China’s Ordos Struggles to Repay Debt: Xinhua Magazine
A Chinese city known for its empty skyscrapers is struggling to repay debt and has resorted to borrowing from companies to pay workers, a magazine published by the official Xinhua News Agency reported.
Some district governments of Ordos, Inner Mongolia, had to borrow money from companies to pay salaries of municipal employees, Economy & Nation Weekly said in a July 5 report on its website. Ordos local-government entities have amassed 240 billion yuan ($39 billion) of debt, while the city had 37.5 billion yuan of revenue last year, the publication said without specifying annual interest costs.
The report adds to signs of strains in an economy that probably decelerated for a second straight quarter as overseas and domestic demand slowed and Premier Li Keqiang reined in credit growth. China Rongsheng Heavy Industries Group Holdings Ltd. (1101), the country’s biggest shipyard outside state control, said last week it’s seeking financial support from the government after orders plunged.
“Isolated default cases will happen in places like Ordos - - people know investment in these places is unsustainable,” said Ding Shuang, senior China economist at Citigroup Inc. in Hong Kong.
Two phone calls to Ordos’s government general affairs office went unanswered. The city is also known as Erdos.
Vice Finance Minister Zhu Guangyao said last week that China should be on “high alert” to risks in local government debt. Coal-rich Ordos is known for a building frenzy in recent years, including a new area named Kangbashi that was designed to accommodate 300,000 people.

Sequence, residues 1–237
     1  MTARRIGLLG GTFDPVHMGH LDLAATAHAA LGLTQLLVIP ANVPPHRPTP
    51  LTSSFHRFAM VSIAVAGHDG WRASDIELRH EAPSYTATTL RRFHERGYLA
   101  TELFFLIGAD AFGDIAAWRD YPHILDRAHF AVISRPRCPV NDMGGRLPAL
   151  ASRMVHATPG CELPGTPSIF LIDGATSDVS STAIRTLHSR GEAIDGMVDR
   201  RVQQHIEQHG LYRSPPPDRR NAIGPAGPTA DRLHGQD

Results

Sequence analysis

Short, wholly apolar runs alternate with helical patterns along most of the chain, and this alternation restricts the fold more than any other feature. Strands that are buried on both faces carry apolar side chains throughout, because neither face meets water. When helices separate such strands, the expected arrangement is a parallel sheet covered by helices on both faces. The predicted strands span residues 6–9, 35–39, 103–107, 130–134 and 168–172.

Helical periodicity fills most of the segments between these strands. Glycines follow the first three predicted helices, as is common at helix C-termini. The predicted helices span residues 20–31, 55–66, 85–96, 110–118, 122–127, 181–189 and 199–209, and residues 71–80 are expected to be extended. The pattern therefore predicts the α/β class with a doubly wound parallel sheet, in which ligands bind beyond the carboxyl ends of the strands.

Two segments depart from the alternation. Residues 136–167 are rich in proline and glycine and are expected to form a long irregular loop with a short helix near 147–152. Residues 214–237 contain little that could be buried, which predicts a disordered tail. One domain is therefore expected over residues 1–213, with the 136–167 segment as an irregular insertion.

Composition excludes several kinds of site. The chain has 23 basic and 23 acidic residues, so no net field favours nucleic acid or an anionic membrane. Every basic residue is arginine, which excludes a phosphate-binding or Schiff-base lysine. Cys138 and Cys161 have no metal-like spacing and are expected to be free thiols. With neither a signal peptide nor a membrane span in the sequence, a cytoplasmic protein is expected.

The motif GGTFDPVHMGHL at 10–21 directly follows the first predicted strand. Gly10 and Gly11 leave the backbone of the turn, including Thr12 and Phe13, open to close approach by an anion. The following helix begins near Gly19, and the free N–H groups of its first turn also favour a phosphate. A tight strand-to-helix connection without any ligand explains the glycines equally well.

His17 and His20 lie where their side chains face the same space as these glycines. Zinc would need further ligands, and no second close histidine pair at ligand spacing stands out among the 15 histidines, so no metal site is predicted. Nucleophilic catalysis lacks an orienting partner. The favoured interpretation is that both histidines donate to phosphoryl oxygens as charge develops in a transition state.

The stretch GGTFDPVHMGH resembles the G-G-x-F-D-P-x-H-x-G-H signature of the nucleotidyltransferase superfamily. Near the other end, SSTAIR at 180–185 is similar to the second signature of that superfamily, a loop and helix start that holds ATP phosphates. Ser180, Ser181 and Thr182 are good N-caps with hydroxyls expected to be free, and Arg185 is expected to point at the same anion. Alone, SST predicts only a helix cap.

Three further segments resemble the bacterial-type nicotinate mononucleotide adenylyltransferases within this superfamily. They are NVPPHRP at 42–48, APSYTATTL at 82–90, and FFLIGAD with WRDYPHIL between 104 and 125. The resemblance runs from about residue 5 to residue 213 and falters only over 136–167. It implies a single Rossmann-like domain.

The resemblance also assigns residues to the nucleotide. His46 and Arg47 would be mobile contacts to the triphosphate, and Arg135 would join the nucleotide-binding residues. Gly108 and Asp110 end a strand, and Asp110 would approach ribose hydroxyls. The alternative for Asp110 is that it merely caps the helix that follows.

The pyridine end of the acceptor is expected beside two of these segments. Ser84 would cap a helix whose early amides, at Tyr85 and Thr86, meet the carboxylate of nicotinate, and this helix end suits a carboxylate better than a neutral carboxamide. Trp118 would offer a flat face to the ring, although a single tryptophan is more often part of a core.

Ordos had gross domestic product of 365.7 billion yuan in 2012 and 2 million residents, according to the local government, giving it a per-capita GDP close to Hong Kong’s. The magazine cited an unidentified person close to the city government for the debt number.
The government’s debts include delayed payments to builders as well as loans from companies, the magazine said.
Ordos’s Dongsheng district has the most debt with at least 120 billion yuan, followed by Yijinhuoluo district with about 70 billion yuan, according to the article. The expansion of government payrolls is another reason for Yijinhuoluo’s debt, the magazine reported, citing an unidentified local government employee.
Officials with section-chief rank or higher can take a form of retirement at age 50, where they retain salaries and benefits without having to work, the person said, according to the publication.
Ding and his Citigroup colleagues yesterday lowered their estimates of China’s growth to 7.4 percent from 7.6 percent in 2013 and to 7.1 percent in 2014 from 7.3 percent. Fixed-asset investment growth will lose steam as credit for local government financing vehicles dries up, Ding said. That slowdown in investment is the “major underlying factor for us to cut China growth forecasts,” he said.
Last month, Shang Fulin, chairman of the banking regulator, said most local debt is guaranteed with assets and the “overall risk is controllable.”
The central government may be forced to bail out some local authorities and take over their liabilities, Moody’s Investors Service said last month, after a new audit report showed a jump in borrowings. The ratings company lowered its outlook for China’s sovereign credit rating to stable from positive in April and Fitch Ratings Ltd. cut the country’s long-term local-currency debt rating, with both citing risks from local-government debt and credit expansion.
China’s GDP may have expanded 7.5 percent in the April-June period from a year earlier, according to the median estimate of 31 analysts surveyed by Bloomberg ahead of a July 15 release by the statistics bureau. That would be down from 7.7 percent in the first quarter and 7.9 percent in the October-December period.
Rongsheng also said it’s “restructuring” its workforce and is in talks with financial institutions about renewing credit facilities.
The order book at Chinese shipbuilders fell 23 percent at the end of May from a year earlier, according to the China Association of National Shipbuilding Industry. One-third of the nation’s yards face the danger of closing within five years, having failed to get orders “for a very long period of time,” Wang Jinlian, the group’s secretary general, said July 4.
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